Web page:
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Expanded Learning Time by the Numbers

The Traditional School Calendar Is Failing to Meet Many Students’ Needs

SOURCE: AP/Chris O'Meara

Some schools serving large concentrations of low-income and minority students have dramatically improved student achievement by increasing instructional time.

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Expanding learning time, or ELT, in schools is a core strategy on the national education reform agenda as policymakers and educators recognize that the standard school calendar does not fit many students’ needs. Most U.S. students attend school for an average of 6.5 hours a day, for 180 days a year. This is not nearly enough time for many students, particularly those who are English language learners and those who start the school year learning below their grade level.

Some schools serving large concentrations of low-income and minority students have dramatically improved student achievement by increasing instructional time in the form of a longer school day, week, or year for all students. Schools that expand learning time formally incorporate traditional out-of-school activities such as the arts and service opportunities into the official school calendar so all students, including those living in the highest poverty, have access to them.

ELT schools allow community-based organizations such as arts and cultural institutions to take on more collaborative roles within the school than is typically the case in a conventional school calendar. It is not uncommon in ELT schools for these organizations to co-teach classes with regular classroom teachers and provide professional development for teachers, and mental and physical health services to students. And they play a key role in the governance, funding, policy development, and pedagogical practice of the school.

ELT schools bring important resources into the classroom and recognize that it’s not just more, but also better, classroom learning time that is the key to student success. Take a look for yourself:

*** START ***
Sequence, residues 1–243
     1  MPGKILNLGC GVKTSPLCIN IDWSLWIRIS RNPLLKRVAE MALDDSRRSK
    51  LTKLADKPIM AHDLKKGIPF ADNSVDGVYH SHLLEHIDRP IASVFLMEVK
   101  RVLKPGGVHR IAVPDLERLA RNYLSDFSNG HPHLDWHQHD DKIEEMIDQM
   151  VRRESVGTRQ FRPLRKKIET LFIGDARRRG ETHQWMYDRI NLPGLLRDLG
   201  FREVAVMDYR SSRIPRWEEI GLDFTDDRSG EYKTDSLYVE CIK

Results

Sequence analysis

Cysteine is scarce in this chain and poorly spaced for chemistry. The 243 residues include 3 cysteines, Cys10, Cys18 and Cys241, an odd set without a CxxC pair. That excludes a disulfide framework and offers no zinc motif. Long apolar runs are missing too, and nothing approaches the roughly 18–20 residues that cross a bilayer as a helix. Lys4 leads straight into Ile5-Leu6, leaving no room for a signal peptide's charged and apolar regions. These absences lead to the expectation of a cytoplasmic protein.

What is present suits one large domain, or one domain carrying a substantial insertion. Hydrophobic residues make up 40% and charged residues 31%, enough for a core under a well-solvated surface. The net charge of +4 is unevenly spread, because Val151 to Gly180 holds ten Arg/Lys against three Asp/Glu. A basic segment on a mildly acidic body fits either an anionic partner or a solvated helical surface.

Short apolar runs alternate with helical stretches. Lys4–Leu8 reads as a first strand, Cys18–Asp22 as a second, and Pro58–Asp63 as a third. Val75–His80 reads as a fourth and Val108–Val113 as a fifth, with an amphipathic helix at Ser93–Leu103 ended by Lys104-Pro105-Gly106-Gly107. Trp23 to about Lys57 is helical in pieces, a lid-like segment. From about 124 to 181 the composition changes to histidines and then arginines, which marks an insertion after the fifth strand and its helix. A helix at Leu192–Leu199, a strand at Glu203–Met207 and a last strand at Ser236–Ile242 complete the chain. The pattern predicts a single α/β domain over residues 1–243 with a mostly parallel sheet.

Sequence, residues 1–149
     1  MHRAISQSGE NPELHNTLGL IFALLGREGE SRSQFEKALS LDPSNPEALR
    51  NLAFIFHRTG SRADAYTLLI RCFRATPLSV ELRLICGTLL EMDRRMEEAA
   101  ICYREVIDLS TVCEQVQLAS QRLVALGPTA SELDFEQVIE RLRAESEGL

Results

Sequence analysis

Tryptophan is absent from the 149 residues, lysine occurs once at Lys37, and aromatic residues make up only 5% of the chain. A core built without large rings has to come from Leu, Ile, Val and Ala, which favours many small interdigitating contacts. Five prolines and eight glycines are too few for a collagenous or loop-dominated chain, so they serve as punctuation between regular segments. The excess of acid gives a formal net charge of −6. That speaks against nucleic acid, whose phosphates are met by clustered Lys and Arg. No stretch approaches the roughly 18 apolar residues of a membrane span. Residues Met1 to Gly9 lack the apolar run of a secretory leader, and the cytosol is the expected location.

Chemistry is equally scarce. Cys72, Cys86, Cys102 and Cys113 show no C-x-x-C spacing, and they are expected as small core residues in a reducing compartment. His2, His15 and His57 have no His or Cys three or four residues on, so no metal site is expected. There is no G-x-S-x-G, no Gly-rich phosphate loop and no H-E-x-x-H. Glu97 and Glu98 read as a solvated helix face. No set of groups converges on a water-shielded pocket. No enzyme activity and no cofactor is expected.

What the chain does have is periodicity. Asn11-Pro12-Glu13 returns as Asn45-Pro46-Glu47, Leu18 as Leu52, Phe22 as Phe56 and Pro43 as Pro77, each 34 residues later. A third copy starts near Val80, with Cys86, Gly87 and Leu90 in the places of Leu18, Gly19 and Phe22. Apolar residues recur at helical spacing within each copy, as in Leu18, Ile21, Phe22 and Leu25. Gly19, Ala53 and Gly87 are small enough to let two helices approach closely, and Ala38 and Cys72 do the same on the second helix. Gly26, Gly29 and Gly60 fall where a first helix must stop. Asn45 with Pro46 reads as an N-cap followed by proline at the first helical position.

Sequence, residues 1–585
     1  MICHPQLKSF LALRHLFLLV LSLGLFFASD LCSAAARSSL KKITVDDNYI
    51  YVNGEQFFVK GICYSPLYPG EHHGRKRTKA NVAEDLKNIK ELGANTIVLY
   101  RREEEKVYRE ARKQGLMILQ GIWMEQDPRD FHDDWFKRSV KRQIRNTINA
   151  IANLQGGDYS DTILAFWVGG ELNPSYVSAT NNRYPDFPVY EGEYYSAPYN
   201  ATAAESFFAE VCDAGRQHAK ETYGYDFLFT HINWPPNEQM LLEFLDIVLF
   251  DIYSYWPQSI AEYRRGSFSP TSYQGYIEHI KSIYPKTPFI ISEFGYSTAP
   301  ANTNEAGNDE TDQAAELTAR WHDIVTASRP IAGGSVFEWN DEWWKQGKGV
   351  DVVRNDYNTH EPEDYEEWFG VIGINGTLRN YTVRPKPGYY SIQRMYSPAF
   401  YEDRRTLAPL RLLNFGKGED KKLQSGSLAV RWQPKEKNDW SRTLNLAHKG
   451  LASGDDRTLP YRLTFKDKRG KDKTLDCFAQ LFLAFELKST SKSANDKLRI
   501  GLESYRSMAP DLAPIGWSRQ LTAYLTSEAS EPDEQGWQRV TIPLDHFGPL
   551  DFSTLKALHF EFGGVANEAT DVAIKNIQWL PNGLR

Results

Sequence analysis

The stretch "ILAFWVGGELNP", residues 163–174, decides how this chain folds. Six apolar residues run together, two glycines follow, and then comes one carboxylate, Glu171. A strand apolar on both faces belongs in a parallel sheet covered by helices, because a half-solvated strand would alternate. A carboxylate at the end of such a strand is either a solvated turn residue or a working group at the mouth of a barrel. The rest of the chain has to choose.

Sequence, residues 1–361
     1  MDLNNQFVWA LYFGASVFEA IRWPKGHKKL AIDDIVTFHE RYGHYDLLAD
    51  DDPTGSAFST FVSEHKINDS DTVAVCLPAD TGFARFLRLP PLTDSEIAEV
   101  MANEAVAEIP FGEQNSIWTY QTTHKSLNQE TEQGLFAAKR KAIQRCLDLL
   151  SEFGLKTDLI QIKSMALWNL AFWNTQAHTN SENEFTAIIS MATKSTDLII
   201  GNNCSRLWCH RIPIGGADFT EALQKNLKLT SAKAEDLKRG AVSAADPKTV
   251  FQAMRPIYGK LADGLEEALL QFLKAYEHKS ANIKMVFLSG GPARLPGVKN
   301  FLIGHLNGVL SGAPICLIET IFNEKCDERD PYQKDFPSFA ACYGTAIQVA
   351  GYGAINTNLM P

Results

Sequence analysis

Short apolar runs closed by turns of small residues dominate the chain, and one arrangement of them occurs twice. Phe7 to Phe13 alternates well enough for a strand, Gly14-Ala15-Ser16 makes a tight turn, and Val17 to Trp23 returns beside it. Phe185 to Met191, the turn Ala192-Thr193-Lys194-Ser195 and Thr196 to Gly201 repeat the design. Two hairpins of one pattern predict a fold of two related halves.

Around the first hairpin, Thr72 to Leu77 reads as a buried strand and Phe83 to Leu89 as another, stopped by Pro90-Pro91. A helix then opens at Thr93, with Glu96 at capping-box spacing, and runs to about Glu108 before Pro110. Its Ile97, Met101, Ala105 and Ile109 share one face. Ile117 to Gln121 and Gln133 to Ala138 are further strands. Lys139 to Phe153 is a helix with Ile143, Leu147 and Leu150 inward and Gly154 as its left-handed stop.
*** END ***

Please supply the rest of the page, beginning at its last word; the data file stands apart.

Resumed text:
Expanded learning time basics

655: The number of expanded learning time schools in 36 states, more than a quarter of which are standard district public schools.

300: The recommended minimum number of additional hours that schools should add to their school calendar to provide students more learning time and opportunities for enrichment activities.

6 to 20 percent: The increase in a school’s budget, depending on the staffing model, to expand learning time for students by 30 percent.

90 percent: The proportion of ELT schools that considered their longer day or year to be essential in meeting their educational goals in a survey of nearly 250 ELT schools.

20 percent: The increase in annual classroom hours that experienced teachers say they need to effectively teach the four core academic subjects—English language arts, mathematics, social studies, and science.

Other countries are racing ahead in education

197: The average number of days that a middle school teacher in Finland, Japan, and Korea spends on instruction per year compared to the 180 days in the United States.

10,000: The number of hours researchers estimate that students need to achieve expertise. There are approximately 800 annual instructional hours a year in U.S. schools, which means it would take 12.5 years for students to participate in 10,000 hours of schooling, given no loss of learning during the summer.

Students at low-income schools are being left behind

3,000: The average number of words in a low-income kindergartener’s vocabulary compared to the 20,000 in a middle-class kindergartener’s vocabulary.

learning time graphicSixth or seventh: The grade at which approximately half of ninth graders at high-poverty schools are reading when they enter high school.

32 million: The size of the gap in word exposure between children in professional families (45 million words) and welfare families (13 million) that has accumulated by age 4. Children in professional families will have heard almost as many words by age 1 (11.2 million) as children in welfare families have heard by age 4 (13 million).

1.67: The average minutes per day that third, fourth, and fifth graders in high-poverty schools received explicit vocabulary instruction, or about 100 seconds.